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Duran Duran
8 p.m. Wednesday, July 13
UNO Lakefront Arena, 6801 Franklin Ave., 280-7171;

Remember when Simon Le Bon of Duran Duran got a buzz cut in late 1980s? The girls at my middle school fiercely debated whether Andy Taylor was now the cutest member of the group. Duran Duran sold 70 million albums and pioneered the video-music age, but many people refused to take seriously a band adored by pre-teen girls. A new generation of musicians that features everyone from Gwen Stefani and the Killers to the Faint have mined synth-pop tunes from the Age of MTV for inspiration. Twenty years hence, Simon Le Bon, Nick Rhodes and Andy Taylor welcome back drummer Roger Taylor, who left the band in 1986. "The legacy that we left behind seems to be coming back," says Roger Taylor. "Bands want to dress up again, they want to write their own songs, be individuals again." Duran Duran's latest release, Astronaut (Epic), explores new ground without abandoning the group's signature sound, while 20-year-old hits such as "Rio," "Girls on Film" and "Hungry Like the Wolf" still sound fresh. Tickets $40 to $65. – Todd A. Price


Victor Wooten
9 p.m. Thursday, July 14
House of Blues, 225 Decatur St., 529-BLUE;

Victor Wooten has helped turn the bass into a prime-time instrument through his dazzling work with Bela Fleck & the Flecktones and his well-received solo projects. On his latest album, Soul Circus (Vanguard), Wooten takes a huge step forward as a bandleader and conceptualist, writing a fistful of engaging songs, incorporating his kids into the mix without getting smarmy and delivering the instrumental pop with zero geek quotient. There have been a lot of "guitar tribute" songs segueing signature riffs from famous pickers into one long solo, but on "Bass Tribute" Wooten offers it up to his heroes of the low frequencies – Jaco Pastorious, Stanley Clarke, Christian McBride, Bootsy, Will Lee, Larry Graham and others. He also does a great version of Earth Wind and Fire's "Can't Hide Love." And that's not all he's got planned: Wooten's even planning to showcase his magic act at this show. Tickets $19.50. – John Swenson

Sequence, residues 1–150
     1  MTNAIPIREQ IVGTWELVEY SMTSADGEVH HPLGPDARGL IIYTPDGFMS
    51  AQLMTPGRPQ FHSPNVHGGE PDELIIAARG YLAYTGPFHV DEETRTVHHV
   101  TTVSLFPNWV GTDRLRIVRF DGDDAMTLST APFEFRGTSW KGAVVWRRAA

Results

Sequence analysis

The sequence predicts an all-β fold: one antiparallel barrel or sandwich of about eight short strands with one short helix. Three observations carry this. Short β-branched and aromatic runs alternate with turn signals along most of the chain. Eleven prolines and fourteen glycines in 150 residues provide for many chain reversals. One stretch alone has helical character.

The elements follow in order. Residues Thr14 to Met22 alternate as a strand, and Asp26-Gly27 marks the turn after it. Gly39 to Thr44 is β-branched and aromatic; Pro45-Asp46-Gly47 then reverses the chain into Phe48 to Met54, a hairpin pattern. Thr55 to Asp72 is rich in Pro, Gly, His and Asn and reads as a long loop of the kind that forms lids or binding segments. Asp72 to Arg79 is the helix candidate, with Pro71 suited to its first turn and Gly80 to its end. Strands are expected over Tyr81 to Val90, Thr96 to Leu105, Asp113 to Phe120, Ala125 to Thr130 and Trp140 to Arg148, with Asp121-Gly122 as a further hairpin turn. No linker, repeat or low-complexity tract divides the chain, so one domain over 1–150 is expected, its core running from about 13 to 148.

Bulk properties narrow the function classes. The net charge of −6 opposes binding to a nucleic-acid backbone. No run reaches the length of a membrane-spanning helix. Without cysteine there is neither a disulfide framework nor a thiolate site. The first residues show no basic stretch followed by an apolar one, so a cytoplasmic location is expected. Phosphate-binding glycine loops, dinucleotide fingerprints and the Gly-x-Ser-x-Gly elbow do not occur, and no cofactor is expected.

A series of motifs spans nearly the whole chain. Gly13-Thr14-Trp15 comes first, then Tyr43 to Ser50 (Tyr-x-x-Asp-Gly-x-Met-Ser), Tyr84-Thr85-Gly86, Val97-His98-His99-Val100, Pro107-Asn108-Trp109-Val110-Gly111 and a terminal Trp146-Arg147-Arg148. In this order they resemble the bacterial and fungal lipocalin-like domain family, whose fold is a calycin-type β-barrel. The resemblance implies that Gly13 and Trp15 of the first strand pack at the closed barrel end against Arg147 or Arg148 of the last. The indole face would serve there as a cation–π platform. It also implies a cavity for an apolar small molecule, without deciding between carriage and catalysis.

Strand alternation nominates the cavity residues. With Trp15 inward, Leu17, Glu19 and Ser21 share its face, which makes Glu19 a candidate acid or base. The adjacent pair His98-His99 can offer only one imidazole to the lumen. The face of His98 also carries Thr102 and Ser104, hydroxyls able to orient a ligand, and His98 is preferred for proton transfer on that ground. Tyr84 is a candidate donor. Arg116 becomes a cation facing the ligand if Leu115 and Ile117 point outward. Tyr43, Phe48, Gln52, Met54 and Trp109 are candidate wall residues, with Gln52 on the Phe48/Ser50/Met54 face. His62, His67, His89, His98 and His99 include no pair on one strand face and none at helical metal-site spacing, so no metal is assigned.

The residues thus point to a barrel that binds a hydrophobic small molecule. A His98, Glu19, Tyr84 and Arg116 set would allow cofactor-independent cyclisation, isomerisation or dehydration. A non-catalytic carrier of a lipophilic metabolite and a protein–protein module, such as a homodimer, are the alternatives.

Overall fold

Bill Engvall
7 p.m. and 9 p.m. Saturday, July 16
Harrah's New Orleans Casino, Earl Turner Theatre, 512 Canal St., 533-6000;

They all seem to have their gimmick – for Jeff Foxworthy, it's the refrain, "You might be a redneck if ..." and for Larry the Cable Guy it's "Git-r-done" – and for Blue Collar Comedy mate Bill Engvall it's the popular bit "Here's Your Sign." And for the Blue Collar crew, the sign is a dollar one. Creating family-friendly humor that has transcended regional boundaries – except, perhaps, the dreaded, cynical Eastern seaboard – the Blue Comedy enterprise has translated to $75 million annually, with revenue pouring in from the tour, the movie, the ubiquitous Comedy Central show and merchandise. Engvall was rewarded with a one-hour special this past spring on the WB network, Mobile Home Disaster . The Galveston, Texas, native, who turns 48 this month, keeps it fairly safe in his routine, taking on the traditional domestic targets as his wife of 22 years ("Women have all the power," is one of his tongue-in-cheek laments) and his teenage son. Tickets $45 general admission, $59 show/buffet. – David Lee Simmons


8 p.m. Friday-Saturday, July 15-16; 6 p.m. Sunday, July 17; through Aug. 28
Le Chat Noir, 715 St. Charles Ave., 581-5812;

For Carl Walker's Native Tongues series, timing is everything. But beyond the recruiting some of the city's best writers to craft vignettes for the stage, process isn't everything. "The reality is there isn't a process," Walker half-sighs, trying to explain the Zen-like magic of his series now in its fourth incarnation – and his first attempt in five years. "You ask some people if they'll do it, and a lot of people say yes, and it comes down to some people can't or wind up with a blank sheet of paper. You get a lot of (works) and then you furiously see if they're cast-able. Meaning, if there's anybody at all who can do it or if there's anybody who's available to do it. And they way (the works) come around, at some certain point people start saying to me, ÔAre you ever going to do another Native Tongues ?' and that's when I do it." That process, or lack thereof, has produced works by such notables as Robert Olen Butler (who learned he won the 1993 Pulitzer Prize for Good Scent From a Strange Mountain two weeks after Native Tongues made its debut) and Wilbert Rideau, whose oral recollection of Oliver Stone's shooting of a scene from JFK was eventually crafted into another piece. Previous contributors include Vernel Bagneris, David Cuthbert and Patty Friedmann. This year's stellar lineup features newcomers Poppy Z. Brite, Joshua Clark, Jim Fitzmorris (left, opposite star Karen-kaia Livers) and Jon Newlin as well as veterans Kevin Allman and Frank Gagnard (the latter having been in all three previous Tongues ). The cast features Ann Casey, Kris LaMorte, Jessica Podewell and another Native Tongues regular, Carol Sutton. Tickets $29. – Simmons